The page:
The success they've been enjoying through diversification is one they're keen to explore further and there are some interesting sounding brews in the pipeline. Their Montezuma's Chocolate Lager (a version of Hogstar that incorporates some of Montezuma's fantastic chocolate) just scooped a gold medal in this year's International Beer Challenge

A discussion with Regional Sales Manager, Dominic Ronane, planted the seed for something every home brewer has probably thought about at some point - a chance to collaborate with their local brewery on a new beer! This was not a chance I was going to pass up and a meeting with Miles Chesterman (Head Brewer) soon followed, where we discussed a number of different ideas. After exchanging many emails, we settled on brewing something Amber/Tawny in colour that uses Cascade (which features in Hogstar) and US Centennial hops to create an ale that was full bodied at 5% ABV, with fruity characteristics from both the hops and Hogs Back's house English Ale yeast strain, playing against a malt backbone that also contributes some sweetness to counter the bitterness in the finish. 

The beer is called Collaboration - Tawny Ale - a one-off that's only available at the Great British Beer Festival (bar B11). There are 10 casks of it and when it's gone it's gone, so get in early. If you're there today (Tuesday), please say hello!

The Hogs Back team will be there throughout the festival and are showcasing five beers on their bar, including another new one - British Endeavour.

Thursday, 7 August 2014

London Beer City MTB

In case you haven't heard, London Beer City is a week-long, city-wide festival that will celebrate everything London has to offer beer-wise. The schedule is quite astonishing and a great reflection on just how far the beer scene in London has evolved in recent years.

As part of this festival, I'll be donning my Elusive Brewing cap and joining the lovely folk of Weird Beard Brew Co at Bermondsey's Bottle Shop. Details of the event are here and the mouth-watering list of beers that Weird Beard will be bringing are listed here. I'll be bringing some samples along too including a keg of American Red - it's first outing since this happened - and a bonkers Imperial Spiced Black Saison.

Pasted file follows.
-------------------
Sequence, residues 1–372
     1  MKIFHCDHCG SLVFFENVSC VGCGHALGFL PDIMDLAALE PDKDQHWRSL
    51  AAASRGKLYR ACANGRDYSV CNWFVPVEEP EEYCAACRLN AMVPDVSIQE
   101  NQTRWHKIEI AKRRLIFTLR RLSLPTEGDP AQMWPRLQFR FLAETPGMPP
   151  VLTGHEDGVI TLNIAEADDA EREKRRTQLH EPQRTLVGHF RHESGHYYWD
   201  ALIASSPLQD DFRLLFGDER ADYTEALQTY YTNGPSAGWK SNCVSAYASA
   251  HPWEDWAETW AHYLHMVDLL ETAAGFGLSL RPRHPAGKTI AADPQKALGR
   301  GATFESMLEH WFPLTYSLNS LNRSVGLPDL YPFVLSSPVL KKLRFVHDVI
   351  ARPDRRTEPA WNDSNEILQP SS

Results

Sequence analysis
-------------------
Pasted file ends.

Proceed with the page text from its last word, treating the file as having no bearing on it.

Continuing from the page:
Perhaps this is an opportune moment to give a general update on Elusive Brewing. The beer mentioned in the blog post above is one that I've written about before. The collaboration with Weird Beard took this same recipe (minus the brett bruxellensis) and scaled it up to a full 10BBL brew length. This required an awful lot of Nelson Sauvin. Weird Beard managed to secure some leaf hops but the T90 pellets were proving hard to come by. A chance meeting with Brewdog's Head Brewer Stewart Bowman at CBC proved to be fortuitous - they had a small amount spare from the 2013 harvest and very kindly sold this on to me, perhaps underlining their recent announcement that they'll be supporting fledgling breweries through their new development fund. Bowman, thanks, and you'll be receiving some bottles in the post soon!

We launched Lord Nelson at the fantastic Birmingham Beer Bash where it was very well received. The folks at Weird Beard kindly let me use Elusive Brewing branding for bottles and keg clips and the creative force that is Ceri Jones duly delivered some fantastic artwork:

The inspiration behind the Elusive branding is 8-bit video games - a nod towards a misspent youth, mostly. The colours and 'character' image will change with each beer but the bold, blocky personality will remain consistent throughout each release.

Photo Credit: Luke Kulchstein
So, what of brewing plans generally? Well, at the moment I'm working full time in a pretty demanding job and struggling to find time to move things forward at any pace, but I'm actively looking for premises and have completed planning in terms of capital expenditure (a lot!) and business forecasting. The plan is to build while working full time, which is going to be tough, then seeing how things go commercially before deciding whether to take the plunge full time. Since I started this whole crazy idea, lead times on new kit have gone out from ~3 to ~6 months, which is perhaps an indication of the explosion that UK brewing is going through at the moment. 

When I do get finally get there, I do hope I'm not too late to the game! In the mean time, I'm continuing to hone my skills, seeking out collaborations and brewing at home to build up a portfolio of recipes.

Lord Nelson is now available to trade in 30L key kegs and a limited quantity of 330ml bottles. Contact Weird Beard for pricing.